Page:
by Bruce Marshall, Goldsheet.com Editor

College football coaching honeymoons ain’t what they used to be. Which might be a bit unsettling for Colorado’s second-year HC Jon Embree.

The name Turner Gill is all that is needed for confirmation.

Hired amid great fanfare two years ago by the University of Kansas, Gill was fresh off a remarkable job putting the moribund University of Buffalo program on the map. Returning to Big XII country where he had served with distinction as an assistant at Nebraska, and long before that as a decorated QB for the Cornhuskers in the days of the old Big 8, Gill was considered a homerun hire by many Jayhawks, who were convinced that Gill was the man to quickly resurrect a KU program that had deteriorated in the final years of the combustible Mank Mangino regime.

But less than two years later, after a couple of rough campaigns, Gill was out of a job at Lawrence, with the Jayhawks instead preferring another scale-challenged coach (like Mangino), Charlie Weis, to lead the program back to prominence. Or so KU hopes.

Where, then, does Embree (right) fit into this analogy?

Consider that regional sources suggested last fall that various movers and shakers in Boulder had soured on Embree long before the conclusion of the 2011 season, which was a difficult 3-10 slog for the Buffs, believing the school had made a mistake with the hire that coincided with CU making the jump from the Big XII into the expanded Pac-12. Thankfully, for Embree’s sake, he bought himself a little more time, and temporarily quieted his naysayers, when CU salvaged some respect at the end of the campaign by winning two of its last three games, including a rousing 17-14 road upset over Utah in the season finale, a result that denied the Utes a chance to win the South Division of the Pac-12.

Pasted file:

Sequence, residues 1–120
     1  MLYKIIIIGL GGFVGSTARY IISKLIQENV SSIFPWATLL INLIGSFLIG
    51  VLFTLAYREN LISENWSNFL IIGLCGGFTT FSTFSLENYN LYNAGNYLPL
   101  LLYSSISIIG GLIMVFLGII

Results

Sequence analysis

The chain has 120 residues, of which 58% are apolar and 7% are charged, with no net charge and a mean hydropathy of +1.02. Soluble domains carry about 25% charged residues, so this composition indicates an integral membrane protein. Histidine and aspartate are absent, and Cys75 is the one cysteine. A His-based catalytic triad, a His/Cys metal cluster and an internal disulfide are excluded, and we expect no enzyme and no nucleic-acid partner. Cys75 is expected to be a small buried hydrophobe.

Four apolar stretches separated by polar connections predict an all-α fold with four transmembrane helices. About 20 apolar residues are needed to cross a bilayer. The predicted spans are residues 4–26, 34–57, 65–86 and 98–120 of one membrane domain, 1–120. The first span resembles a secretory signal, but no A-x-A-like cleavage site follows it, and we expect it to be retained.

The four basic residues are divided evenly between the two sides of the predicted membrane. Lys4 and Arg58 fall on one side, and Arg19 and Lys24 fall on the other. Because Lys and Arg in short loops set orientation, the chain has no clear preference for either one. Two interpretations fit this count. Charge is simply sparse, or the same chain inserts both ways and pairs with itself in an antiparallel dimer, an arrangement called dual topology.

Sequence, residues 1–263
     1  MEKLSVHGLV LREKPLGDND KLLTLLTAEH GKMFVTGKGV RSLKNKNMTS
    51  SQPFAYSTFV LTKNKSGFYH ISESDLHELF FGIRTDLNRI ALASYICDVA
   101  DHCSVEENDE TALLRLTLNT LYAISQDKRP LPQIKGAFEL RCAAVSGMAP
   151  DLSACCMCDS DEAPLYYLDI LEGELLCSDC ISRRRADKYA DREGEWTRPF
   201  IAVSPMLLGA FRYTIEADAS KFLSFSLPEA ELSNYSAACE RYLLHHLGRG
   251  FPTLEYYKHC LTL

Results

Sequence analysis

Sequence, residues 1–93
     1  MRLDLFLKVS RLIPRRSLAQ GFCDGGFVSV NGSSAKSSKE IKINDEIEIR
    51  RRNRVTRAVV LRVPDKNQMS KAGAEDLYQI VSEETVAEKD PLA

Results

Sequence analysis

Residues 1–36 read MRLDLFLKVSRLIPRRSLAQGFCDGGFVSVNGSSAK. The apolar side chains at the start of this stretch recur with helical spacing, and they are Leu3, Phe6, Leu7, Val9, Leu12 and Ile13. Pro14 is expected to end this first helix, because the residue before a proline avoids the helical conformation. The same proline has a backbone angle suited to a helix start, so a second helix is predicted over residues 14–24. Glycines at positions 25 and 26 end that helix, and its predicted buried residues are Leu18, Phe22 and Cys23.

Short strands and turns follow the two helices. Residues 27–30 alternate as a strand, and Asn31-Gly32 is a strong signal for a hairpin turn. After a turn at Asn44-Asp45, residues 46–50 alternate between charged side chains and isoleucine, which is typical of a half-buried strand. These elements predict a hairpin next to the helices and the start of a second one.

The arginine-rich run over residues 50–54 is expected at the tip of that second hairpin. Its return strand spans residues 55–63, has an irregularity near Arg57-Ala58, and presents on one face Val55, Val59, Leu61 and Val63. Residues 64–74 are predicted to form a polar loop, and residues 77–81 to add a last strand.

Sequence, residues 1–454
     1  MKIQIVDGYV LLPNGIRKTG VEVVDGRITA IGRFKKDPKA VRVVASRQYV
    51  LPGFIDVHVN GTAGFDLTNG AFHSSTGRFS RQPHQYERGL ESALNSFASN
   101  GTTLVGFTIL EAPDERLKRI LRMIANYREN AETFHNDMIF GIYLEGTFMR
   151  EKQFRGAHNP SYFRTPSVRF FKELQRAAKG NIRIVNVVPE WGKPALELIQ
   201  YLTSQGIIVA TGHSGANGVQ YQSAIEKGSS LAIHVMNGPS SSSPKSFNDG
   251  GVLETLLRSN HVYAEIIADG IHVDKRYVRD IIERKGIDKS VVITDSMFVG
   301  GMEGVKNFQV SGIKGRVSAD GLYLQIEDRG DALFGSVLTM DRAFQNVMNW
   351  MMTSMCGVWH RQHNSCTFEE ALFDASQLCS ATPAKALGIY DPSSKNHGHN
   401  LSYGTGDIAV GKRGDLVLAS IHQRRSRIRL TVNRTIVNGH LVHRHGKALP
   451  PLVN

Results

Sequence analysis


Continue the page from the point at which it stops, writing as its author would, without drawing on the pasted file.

But some Pac-12 sources say those developments could merely be a stay of execution for Embree. That’s because the “old rule” and days of coaches getting five years to put their programs on track are long forgotten. Especially in Boulder, where the powers-that-be endured five seasons of the preceding Dan Hawkins regime (which even netted a bowl bid in his second year, 2007) and granted “Hawk” an extra year in 2010 when a vast majority of loyalists wanted to pull the plug after a desultory 3-9 mark in 2009.

And 2010 is considered a year wasted by Buff backers, as Hawkins was dismissed before the conclusion of another disappointing and losing campaign.

Regarding Embree and his future, the Gill comparison might be a bit harsh, but it illustrates a new-found reality in college coaching. Three years, four maximum, are now the norm for coaches to get things moving in the right direction at major (and not-so-major) programs. Especially in Boulder, where no one wants a replay of the Hawkins fiasco that lasted a year or two longer than many boosters believe it should have endured. Buff backers also know that the move to the Pac-12 means that CU has to put a product on the field to appeal to West Coast recruits, who provided the base of the renaissance the program experienced for Bill McCartney in the mid-to-late ‘80s.

It is also not lost upon many CU backers that the reasons for hiring Embree in the first place hardly suggested he was the man to lead the program (which hasn’t finished with a winning record since the 7-6 mark in 2005 that included four losses to end the season and a 70-3 humiliation endured at the hands of Vince Young’s Texas in the Big XII title game, all hastening Gary Barnett’s exit). Those reasons include Embree’s ties to Colorado, where he starred as a tight end for McCartney’s Buffs in the ’80s before a short NFL playing career, then served as an assistant coach for a decade; pro football coaching connections (five years as an assistant with the Chiefs and Redskins); and a warm spot in the hearts of Rocky Mountain faithful who had followed Embree’s career and that of his father, John Embree, a long-striding WR with the Denver Broncos in the late ’60s (check out You Tube footage of Pop's 86-yard catch-run TD pass from Steve Tensi in a 1969 game vs. the Oilers, highighted above left).